The sound of trustworthiness: Acoustic-based modulation of perceived voice personality

Abstract : When we hear a new voice we automatically form a "first impression" of the voice owner's personality; a single word is sufficient to yield ratings highly consistent across listeners. Past studies have shown correlations between personality ratings and acoustical parameters of voice, suggesting a potential acoustical basis for voice personality impressions, but its nature and extent remain unclear. Here we used data-driven voice computational modelling to investigate the link between acoustics and perceived trustworthiness in the single word "hello". Two prototypical voice stimuli were generated based on the acoustical features of voices rated low or high in perceived trustworthiness, respectively, as well as a continuum of stimuli inter-and extrapolated between these two prototypes. Five hundred listeners provided trustworthiness ratings on the stimuli via an online interface. We observed an extremely tight relationship between trustworthiness ratings and position along the trustwor-thiness continuum (r = 0.99). Not only were trustworthiness ratings higher for the high-than the low-prototypes, but the difference could be modulated quasi-linearly by reducing or exaggerating the acoustical difference between the prototypes, resulting in a strong caricaturing effect. The f0 trajectory, or intonation, appeared a parameter of particular relevance: hellos rated high in trustworthiness were characterized by a high starting f0 then a marked decrease at mid-utterance to finish on a strong rise. These results demonstrate a strong acoustical basis for voice personality impressions, opening the door to multiple potential applications.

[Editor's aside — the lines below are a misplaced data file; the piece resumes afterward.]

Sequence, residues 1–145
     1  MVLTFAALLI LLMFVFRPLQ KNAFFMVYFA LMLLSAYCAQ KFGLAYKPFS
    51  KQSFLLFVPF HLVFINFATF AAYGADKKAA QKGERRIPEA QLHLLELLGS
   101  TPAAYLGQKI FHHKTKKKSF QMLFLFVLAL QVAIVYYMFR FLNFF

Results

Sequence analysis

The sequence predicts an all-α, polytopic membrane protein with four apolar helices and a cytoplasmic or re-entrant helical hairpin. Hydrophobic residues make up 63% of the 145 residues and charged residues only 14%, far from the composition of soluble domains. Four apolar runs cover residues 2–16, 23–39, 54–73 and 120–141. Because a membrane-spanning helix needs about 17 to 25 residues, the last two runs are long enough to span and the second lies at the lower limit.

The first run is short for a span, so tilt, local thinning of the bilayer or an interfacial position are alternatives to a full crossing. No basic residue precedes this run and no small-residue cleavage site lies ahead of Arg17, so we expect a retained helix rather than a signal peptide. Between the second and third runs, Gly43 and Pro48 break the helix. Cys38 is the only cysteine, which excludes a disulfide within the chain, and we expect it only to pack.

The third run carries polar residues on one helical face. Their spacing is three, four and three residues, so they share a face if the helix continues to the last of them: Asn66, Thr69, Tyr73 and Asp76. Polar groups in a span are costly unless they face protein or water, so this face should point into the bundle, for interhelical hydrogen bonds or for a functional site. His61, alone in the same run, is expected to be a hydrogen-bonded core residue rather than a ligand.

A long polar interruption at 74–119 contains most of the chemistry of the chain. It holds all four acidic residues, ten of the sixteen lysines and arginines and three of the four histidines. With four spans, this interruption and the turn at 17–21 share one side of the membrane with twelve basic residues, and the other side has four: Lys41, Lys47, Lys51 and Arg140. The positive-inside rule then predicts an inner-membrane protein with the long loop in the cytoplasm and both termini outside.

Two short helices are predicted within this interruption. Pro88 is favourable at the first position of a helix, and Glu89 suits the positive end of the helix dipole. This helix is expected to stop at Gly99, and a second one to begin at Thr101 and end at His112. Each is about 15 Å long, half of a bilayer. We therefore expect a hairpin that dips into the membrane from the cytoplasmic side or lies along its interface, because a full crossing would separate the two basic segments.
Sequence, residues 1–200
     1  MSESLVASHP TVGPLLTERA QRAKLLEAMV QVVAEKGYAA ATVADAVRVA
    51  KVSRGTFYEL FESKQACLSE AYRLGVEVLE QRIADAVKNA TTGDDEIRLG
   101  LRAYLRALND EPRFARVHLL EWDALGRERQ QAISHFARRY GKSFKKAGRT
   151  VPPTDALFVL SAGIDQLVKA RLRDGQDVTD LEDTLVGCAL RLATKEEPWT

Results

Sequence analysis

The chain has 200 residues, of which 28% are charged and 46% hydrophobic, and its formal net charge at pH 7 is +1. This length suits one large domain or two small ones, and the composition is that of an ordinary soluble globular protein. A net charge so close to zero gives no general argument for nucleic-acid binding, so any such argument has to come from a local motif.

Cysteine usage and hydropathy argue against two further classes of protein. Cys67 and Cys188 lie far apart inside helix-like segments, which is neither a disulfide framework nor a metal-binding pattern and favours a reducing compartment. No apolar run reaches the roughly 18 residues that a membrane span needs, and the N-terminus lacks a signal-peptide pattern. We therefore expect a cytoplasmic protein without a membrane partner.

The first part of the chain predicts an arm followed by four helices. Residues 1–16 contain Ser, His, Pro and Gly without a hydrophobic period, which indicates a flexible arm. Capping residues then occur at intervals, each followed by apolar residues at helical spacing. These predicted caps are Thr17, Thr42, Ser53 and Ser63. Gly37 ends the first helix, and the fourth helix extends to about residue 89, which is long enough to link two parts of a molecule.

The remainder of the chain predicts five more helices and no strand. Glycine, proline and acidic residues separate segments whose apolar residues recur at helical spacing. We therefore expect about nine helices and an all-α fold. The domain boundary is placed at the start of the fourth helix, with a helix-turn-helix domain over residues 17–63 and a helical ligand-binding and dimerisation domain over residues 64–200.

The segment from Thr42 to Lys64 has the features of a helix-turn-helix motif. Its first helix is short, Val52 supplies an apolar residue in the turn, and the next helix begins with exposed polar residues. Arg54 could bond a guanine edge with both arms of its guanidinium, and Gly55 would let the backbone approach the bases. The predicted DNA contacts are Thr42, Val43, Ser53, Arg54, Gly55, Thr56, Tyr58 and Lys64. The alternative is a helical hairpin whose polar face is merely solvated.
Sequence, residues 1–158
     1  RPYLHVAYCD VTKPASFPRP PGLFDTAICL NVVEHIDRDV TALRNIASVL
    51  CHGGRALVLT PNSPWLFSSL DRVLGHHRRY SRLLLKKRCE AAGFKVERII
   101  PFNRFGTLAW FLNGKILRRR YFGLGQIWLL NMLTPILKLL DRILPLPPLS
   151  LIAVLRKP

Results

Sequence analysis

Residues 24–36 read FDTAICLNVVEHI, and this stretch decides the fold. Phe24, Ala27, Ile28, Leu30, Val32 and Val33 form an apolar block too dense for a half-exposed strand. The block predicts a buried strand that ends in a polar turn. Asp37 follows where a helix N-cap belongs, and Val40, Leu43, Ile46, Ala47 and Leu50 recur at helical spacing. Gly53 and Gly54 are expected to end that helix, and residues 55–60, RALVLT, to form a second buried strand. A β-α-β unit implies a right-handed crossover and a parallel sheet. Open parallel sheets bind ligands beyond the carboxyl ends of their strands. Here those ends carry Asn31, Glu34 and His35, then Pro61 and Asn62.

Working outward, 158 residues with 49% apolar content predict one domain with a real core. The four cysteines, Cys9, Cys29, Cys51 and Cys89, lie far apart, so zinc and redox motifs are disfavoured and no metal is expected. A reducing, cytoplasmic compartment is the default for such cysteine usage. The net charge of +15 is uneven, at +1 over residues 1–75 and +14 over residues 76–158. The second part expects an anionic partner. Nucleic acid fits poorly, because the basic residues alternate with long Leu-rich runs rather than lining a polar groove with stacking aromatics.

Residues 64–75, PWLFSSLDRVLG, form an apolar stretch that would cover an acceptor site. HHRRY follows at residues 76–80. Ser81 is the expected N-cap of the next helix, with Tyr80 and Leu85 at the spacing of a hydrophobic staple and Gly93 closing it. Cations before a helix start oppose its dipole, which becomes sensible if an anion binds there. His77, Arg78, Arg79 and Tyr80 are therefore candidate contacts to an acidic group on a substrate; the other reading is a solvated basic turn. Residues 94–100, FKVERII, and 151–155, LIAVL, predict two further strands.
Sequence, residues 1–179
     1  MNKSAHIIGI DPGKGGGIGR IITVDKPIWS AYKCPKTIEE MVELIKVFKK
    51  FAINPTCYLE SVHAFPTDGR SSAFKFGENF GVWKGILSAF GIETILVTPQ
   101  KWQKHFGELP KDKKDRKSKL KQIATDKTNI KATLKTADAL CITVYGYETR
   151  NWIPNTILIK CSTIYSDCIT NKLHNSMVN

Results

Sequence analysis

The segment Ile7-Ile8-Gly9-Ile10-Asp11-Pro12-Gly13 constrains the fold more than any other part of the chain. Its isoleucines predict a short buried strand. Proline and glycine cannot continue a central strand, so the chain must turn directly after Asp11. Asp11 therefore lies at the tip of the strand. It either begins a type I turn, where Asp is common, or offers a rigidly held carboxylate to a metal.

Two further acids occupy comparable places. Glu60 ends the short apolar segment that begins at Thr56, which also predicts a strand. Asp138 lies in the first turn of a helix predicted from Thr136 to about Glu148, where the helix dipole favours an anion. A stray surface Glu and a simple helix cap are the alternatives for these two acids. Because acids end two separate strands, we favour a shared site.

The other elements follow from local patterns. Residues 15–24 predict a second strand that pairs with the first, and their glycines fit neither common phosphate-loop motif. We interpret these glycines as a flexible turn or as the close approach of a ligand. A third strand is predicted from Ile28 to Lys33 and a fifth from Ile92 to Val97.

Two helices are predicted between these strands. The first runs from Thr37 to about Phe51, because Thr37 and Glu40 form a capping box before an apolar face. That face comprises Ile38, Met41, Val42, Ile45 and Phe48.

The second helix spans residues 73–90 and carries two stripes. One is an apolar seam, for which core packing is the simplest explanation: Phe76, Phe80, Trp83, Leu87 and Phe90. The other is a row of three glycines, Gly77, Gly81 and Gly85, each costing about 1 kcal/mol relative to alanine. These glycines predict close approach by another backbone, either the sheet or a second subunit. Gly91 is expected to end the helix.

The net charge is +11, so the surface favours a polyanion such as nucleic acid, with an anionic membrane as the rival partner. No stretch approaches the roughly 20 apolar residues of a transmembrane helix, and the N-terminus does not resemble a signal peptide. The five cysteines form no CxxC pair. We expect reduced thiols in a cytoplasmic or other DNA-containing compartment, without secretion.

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Pascal Belin, Bibi Boehme, Phil Mcaleer. The sound of trustworthiness: Acoustic-based modulation of perceived voice personality. PLoS ONE, Public Library of Science, 2017, 12 (10), pp.e0185651. ⟨10.1371/journal.pone.0185651⟩. ⟨hal-02008902⟩



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